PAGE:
The demographic composition of students in U.S. institutions of higher education is rapidly shifting. We know that 21st century learners are more digitally adept and more socially, economically, and culturally/linguistically diverse than at any moment historically. The University of Texas at El Paso's (UTEP) student body reflects these broader demographic changes taking place nationwide: more than 80% of UTEP students are Latina/o, with the majority identifying as bilingual; more than 50% of students are the first in their families to attend college; and roughly half of students are Pell-eligible (e.g., many of whom have annual family incomes of less than $20,000). For these reasons, UTEP is poised to be a pedagogical leader in approaches to maximizing 21st century student learning at the postsecondary level across disciplines, with a particular focus on linguistically diverse student populations.
Traditionally, Latina/o students in the K-20 pipeline -- not unlike those at UTEP -- have had to contend with deficit notions surrounding their academic performance and achievement. This deficit thinking has placed emphasis on students' deficiencies -- whether in terms of language, cognition, or motivation, among other factors -- rather than the structural conditions, such as inequitable funding for schools, that have tended to contribute to the persistent under-achievement of certain groups (Valencia, 2010).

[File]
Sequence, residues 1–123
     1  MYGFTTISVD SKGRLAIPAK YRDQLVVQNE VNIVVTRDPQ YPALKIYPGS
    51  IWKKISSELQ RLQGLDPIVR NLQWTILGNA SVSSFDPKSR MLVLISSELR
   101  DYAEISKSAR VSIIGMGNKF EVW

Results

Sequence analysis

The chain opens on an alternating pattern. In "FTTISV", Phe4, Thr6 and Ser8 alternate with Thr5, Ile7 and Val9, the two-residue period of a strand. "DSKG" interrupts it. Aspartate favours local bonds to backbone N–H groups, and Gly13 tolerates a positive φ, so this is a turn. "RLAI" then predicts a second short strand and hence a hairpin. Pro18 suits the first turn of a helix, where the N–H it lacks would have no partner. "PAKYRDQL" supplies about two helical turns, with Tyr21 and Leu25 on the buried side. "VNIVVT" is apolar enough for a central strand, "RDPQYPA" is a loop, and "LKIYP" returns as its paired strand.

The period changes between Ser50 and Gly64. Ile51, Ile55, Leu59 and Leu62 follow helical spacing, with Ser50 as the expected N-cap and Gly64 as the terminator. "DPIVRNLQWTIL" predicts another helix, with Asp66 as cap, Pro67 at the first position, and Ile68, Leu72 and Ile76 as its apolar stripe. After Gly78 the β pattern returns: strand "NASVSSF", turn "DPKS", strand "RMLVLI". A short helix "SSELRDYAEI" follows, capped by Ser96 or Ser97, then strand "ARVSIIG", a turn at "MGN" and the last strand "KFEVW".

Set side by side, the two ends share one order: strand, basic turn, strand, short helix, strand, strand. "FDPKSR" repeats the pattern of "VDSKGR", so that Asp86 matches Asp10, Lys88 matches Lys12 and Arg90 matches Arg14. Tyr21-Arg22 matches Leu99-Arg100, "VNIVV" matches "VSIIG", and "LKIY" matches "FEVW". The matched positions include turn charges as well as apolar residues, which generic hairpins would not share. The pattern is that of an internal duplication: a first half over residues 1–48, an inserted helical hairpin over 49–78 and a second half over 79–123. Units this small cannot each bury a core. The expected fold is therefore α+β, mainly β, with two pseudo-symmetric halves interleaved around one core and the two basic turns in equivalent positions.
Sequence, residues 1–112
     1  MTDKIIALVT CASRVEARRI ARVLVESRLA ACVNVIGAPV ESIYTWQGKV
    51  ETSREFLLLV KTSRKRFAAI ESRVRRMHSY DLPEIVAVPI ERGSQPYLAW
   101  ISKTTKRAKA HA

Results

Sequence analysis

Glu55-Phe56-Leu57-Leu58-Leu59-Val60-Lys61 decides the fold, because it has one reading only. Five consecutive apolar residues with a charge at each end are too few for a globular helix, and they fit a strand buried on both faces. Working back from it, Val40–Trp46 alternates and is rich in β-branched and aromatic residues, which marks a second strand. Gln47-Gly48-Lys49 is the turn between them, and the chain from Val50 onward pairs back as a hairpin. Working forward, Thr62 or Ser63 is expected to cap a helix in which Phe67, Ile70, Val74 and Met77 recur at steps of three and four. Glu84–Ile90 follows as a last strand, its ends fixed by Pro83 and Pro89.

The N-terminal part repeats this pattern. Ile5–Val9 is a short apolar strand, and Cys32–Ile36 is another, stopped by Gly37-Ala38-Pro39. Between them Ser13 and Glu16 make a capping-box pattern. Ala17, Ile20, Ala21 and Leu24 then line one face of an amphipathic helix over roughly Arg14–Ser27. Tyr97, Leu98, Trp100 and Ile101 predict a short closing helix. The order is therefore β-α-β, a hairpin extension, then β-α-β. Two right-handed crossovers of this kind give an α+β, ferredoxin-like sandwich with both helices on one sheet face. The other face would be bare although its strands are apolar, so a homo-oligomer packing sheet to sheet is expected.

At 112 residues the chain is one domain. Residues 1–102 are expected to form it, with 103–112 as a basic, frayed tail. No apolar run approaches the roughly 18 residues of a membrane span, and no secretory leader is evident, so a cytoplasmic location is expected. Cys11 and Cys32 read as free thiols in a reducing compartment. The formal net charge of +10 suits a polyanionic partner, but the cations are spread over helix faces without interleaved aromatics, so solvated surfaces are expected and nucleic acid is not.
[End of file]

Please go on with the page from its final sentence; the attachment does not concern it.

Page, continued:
As a challenge to deficit explanations of Latina/o student academic under-achievement, the recent 10-year student success framework adopted by UTEP, known as the UTEP Edge, advocates an asset-based approach to working with students both inside and outside of the classroom. Drawing on educational research as well community development literature, these asset-based pedagogical approaches emphasize students' individual and collective strengths, skills, and capacities as the starting point for learning and engagement. Such approaches do not claim to resolve the systemic conditions that contribute to persistent inequities experienced by minoritized students in the K-20 pipeline; rather, they are focused on reconfiguring teaching and learning to promote equity at the classroom level.
This paper provides an outline of the conceptual underpinnings of an asset-based framework for teaching and learning (ABTL), highlights key characteristics of ABTL with culturally and linguistically diverse learners, and provides examples of ABTL in the classroom, across disciplines.